When I was six, I remember visiting a department store with my mother, and I remember they had the quaint nametags that had a person’s marital status and surname. I remember a man with crisp diction speaking kindly to my brother and I and I remember another man had a funny voice one day and I asked him why and he replied he had a cold. My mother later told me that I mustn’t do that.

Today, I was shopping, and an elderly man approached the self-serve checkouts at the same time as me and I allowed him to go ahead of me. Okay, I had been raised to allow older people to go ahead of me, and he thanked me for it. Another time, I stood back for a woman, who, thanked me and said that not many people will do that nowadays. Okay, I can understand with feminism that women want to be viewed as capable people and don’t necessarily want doors opened for them because they’re women. There was a younger woman behind me, and I spoke to a Muslim couple behind me, and the younger woman asked if I was in line, and I allowed her to go ahead of me, and later said that I was happy to. She thanked me and told me to have a lovely night and I replied, “Same to you.” And left it at that.

Why I made reference to the couple being Muslim is that in my native Australia, there have been despicable right-wing politicians who have made horrendous and idiotic anti-Islam statements. I aim to show the Islamic community (granted, most of those politicians, apart from the former PM, are from lunar fringe-dwelling micro-parties) that they are not alone. I have some Muslim friends who have been verbally abused, spat on or assaulted by right-wingers.

Today, however, the elderly man, whilst I concede that his heart was in the right place, came up to me and asked if he could pray for me because of the kyphosis in my spine. I felt uncomfortable. I remember talking to a Salvation Army Captain and told him how a young man was asked to leave a shopping centre because he was approaching shoppers and offering to pray for them and he said, that while some people mean well, if you’re doing your shopping and someone asks if you want to get Foxtel, when you walk past their stall, or if you want to get your roof painted, people can discard it, if disinterested, but if someone approaches you and asks you if you believe in God, it can be quite confronting. I do, however, take the view that if someone wants to go to church, they can have a look in the phone directory and find one, they don’t need people to tell them about it.

What I think MANY fringe-dwelling Christians NEED to be aware of, is this. Some people who they might ask if they go to church might say no, and their reason might be that they were sexually abused by a priest, a minister, a pastor, or an elder and attending church is triggering. AND, there have been attendees of church schools, who were selected because of a sporting talent, who were groomed and later sexually abused by a religious figure. What people have to remember is, we can compare two situations here. I remember reading in Humphrey McQueen’s book, Japan to the Rescue, about a scientist who had been a prisoner of war of the Japanese who could not reconcile the kindness with which he had been treated when he visited Japan for scientific purposes with the cruelty with which he had been treated as a prisoner of war. My explanation for that is, if you were a Japanese soldier, your commanding officers were quite hard on you. Yes, my grandfather’s old work colleague and friend was treated kindly by a Japanese guard, and he never forgot that, and that scientist probably had some kind guards, but people are different in wartime to what they are in peacetime. I knew a man whose father served in the war, and he got a Chinese girlfriend after he divorced his first wife and his mother said, “Don’t bring her here! Your father fought those people!” And his father said, “What are you talking about? I didn’t fight the Chinese; I fought the Japanese!” “Same thing.” “No, it’s not! And under different circumstances, I’d have probably had a beer with some of them!” But, to say to a person who was sexually abused in a Catholic Church, “Oh, come to a Pentecostal Church,” you’re not going to make it easier for them. While there may not be a hierarchical structure, the pastor still has a lot of power.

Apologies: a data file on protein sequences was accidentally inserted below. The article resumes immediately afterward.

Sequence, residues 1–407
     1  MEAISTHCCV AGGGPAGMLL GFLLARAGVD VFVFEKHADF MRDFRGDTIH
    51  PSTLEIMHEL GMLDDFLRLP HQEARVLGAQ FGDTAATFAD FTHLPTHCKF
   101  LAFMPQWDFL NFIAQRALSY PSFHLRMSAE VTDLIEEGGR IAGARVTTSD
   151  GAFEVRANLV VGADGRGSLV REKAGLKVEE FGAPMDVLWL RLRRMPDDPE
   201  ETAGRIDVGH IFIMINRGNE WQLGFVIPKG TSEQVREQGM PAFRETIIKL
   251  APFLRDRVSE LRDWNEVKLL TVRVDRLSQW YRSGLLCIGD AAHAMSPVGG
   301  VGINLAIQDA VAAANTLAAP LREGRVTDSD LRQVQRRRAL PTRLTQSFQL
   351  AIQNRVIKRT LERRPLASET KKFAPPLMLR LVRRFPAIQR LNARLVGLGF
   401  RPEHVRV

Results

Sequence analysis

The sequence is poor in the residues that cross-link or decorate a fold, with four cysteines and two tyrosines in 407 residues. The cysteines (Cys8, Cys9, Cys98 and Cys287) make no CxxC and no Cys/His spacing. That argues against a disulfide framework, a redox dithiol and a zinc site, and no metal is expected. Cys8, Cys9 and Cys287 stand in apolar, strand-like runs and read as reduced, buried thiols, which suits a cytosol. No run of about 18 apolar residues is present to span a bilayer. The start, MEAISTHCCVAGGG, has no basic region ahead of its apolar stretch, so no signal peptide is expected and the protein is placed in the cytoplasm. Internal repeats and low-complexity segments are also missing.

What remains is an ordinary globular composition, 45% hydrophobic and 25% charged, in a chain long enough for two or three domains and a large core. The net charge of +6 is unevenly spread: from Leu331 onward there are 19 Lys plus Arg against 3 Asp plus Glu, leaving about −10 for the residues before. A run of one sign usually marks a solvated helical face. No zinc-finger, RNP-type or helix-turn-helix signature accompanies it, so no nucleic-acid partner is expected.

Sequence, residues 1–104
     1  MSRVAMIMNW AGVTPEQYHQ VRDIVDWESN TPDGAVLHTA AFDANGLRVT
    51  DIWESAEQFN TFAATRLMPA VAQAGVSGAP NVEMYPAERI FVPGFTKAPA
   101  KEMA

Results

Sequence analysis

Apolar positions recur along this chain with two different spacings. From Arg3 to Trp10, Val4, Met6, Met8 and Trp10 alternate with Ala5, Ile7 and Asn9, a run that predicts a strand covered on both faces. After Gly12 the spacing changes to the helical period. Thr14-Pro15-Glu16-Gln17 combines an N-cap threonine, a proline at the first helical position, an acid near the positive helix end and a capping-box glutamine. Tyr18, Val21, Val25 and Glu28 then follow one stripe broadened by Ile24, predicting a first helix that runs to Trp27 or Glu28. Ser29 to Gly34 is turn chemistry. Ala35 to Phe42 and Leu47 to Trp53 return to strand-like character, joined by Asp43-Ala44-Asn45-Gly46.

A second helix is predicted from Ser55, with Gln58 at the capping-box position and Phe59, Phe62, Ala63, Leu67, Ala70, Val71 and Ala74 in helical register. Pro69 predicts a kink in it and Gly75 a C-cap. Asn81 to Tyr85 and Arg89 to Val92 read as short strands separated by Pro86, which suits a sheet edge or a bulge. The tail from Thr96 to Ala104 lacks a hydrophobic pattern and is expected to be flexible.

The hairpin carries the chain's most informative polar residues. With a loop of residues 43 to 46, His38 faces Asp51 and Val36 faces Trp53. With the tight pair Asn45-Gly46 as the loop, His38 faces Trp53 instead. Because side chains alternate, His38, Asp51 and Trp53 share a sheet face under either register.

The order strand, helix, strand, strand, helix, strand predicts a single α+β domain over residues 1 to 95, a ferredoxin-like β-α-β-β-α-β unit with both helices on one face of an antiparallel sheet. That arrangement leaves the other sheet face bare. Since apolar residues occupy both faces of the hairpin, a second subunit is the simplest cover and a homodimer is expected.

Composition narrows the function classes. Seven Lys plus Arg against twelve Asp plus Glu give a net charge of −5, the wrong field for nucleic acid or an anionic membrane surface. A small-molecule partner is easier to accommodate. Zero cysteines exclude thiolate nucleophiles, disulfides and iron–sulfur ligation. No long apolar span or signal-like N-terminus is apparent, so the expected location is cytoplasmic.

Yes, the elderly man today was grateful that I let him go ahead, but a simple thank you would have been enough. And okay, if you have a friend who is a mechanic, and your car needs a new radiator hose and your friend says, “Okay, you go and get me the new hose and some coolant, and I’ll replace the hose and flush the cooling system for a slab of beer,” that’s a transaction between two friends, but all I did was a simple act of kindness.

To give an example of where a prayer was appropriate, when I had my colonoscopy back in May, a dear friend of mine said she’d say a prayer for me, and that was fine.

So, what I say to Christians is, you may be moved by something you see on television, you may be moved by something or someone you see when you’re out and about. You can, in the privacy of your own home, say a prayer that the person will never hear. If the man today, had, when he got home, before he went to sleep, said a silent or verbal prayer for me to say thank you and said, “God, please keep that person in your love,” I’d say fine, but to pray for them in front of them is wrong. So, please, Christians, bear that in mind.



Diagnosed with autism at 35. Explained a lifetime of difference.

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Peter Wynn

Diagnosed with autism at 35. Explained a lifetime of difference.